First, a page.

Other than a cast that includes several independent filmmakers, two of whom have made a few horror films, there’s little special about You’re Next. Yet another home invasion premise, when Adam Wingard’s violent project isn’t boring, it’s loud and annoying. Chronicling a really bad weekend for the Davison family at their country home, the film amounts to grating, bitter arguments between relatives, followed by plentiful screaming and gore from uninteresting, underwritten people. Cruel in spirit and poorly made, no amount of creative deaths or characters walking around with arrows stuck in them can make up for its unpleasantness.
As The Purge proved earlier this year, a basic home invasion story still has legs when partnered with an interesting premise and creative filmmaking. Through classic horror timing and characters’ shout-and-the-screen poor decisions, You’re Next shows early promise for straightforward quality jumps. Building on the early success is an air of mystery that hangs over the family gathering in the form of the clan’s disturbed matriarch (Barbara Crampton) hearing noises upstairs and a range of suspicious tics from the grown children and their significant others. Thrown together in close quarters, these bits of foreshadowing seem primed to produce major scares, but the actual results don’t just fail to follow through, they exhibit a surprising level of schlock.
With festival-friendly filmmakers Joe Swanberg (Hannah Takes the Stairs; Drinking Buddies), Amy Seimetz (Sun Don’t Shine), and horror writer/director Ti West (The Innkeepers; The House of the Devil) facing off against animal-masked invaders, among them the film’s writer Simon Barrett (himself no rookie to the genre), it would seem that a horror film made by and presumably for hungry young horror filmmakers would be more competent. Instead, the mayhem is captured through shaky camerawork peppered with a few badass, slow-mo shots that feel like happy accidents. Also inconsistent is the cliché bass-and-scratchy-violin score suddenly giving way to what sounds like Cliff Martinez’s Only God Forgives synth theme in the final act. When even the music supervisors aren’t in synch with the overall work, that’s a sure sign of deep trouble.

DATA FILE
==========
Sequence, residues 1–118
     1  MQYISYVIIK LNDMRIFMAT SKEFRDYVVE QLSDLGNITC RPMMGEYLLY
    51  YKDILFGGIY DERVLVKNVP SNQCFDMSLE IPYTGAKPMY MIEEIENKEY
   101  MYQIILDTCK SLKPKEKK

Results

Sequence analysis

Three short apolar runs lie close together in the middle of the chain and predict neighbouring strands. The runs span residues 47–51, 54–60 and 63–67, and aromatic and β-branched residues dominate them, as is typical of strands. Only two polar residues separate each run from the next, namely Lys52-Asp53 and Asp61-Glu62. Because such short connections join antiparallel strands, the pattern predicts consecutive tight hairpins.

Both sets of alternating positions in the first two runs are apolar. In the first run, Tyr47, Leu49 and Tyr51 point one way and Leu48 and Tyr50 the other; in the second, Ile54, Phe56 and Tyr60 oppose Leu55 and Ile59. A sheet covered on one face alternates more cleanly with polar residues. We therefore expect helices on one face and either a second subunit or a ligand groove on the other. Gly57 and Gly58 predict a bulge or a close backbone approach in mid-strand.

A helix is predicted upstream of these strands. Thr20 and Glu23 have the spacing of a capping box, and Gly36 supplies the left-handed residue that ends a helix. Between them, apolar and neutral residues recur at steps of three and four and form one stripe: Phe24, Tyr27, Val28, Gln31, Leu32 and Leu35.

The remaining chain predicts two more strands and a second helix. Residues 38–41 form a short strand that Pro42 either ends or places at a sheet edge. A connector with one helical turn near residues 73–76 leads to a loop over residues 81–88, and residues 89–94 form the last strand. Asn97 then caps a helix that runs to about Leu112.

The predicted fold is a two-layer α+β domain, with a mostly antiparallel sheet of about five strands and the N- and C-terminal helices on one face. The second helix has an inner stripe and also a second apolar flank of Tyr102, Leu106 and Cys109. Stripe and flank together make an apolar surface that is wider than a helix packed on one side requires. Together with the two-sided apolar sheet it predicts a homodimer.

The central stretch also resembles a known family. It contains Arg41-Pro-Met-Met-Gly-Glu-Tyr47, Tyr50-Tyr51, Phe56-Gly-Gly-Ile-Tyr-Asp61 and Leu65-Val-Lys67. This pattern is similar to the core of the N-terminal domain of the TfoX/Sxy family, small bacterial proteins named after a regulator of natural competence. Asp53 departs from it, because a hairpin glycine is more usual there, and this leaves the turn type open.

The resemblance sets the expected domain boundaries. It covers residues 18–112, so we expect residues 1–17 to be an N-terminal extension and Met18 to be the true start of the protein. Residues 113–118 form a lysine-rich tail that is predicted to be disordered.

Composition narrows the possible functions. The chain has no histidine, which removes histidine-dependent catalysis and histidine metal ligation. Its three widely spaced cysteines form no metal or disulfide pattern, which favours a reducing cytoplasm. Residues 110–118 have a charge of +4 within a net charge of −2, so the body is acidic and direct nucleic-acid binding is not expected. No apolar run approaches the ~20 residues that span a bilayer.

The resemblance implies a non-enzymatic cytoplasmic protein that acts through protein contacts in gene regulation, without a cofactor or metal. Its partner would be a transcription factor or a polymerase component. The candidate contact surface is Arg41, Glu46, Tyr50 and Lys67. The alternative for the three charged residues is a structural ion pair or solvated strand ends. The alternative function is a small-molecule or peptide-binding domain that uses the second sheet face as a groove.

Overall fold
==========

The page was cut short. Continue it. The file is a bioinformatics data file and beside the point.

Things are nearly as troubling story-wise, where one character just happens to have grown up in a survivalist community and has ideas on how to handle the killers. Advice from this person on what to do and what not to do come off like reading from a handbook, yet are merely the tip of You’re Next’s dumb and possibly unintentional humor. That these pity chuckles arise from the general bad acting suggests that such a response isn’t what the filmmakers wanted, but then V/H/S (on which Wingard and Barrett collaborated) is mostly a mess and West’s work shows only flashes of brilliance amid a lot of drudgery. If these kind of films are what modern horror fans want, so be it, but when the filmmaking is this lazy and the characters are so uninteresting that their survival isn’t of much concern, what’s the incentive for watching?
Rated R for strong bloody violence, language and some sexuality/nudity.
You’re Next is currently playing at the Carolina Cinemas on Hendersonville Rd.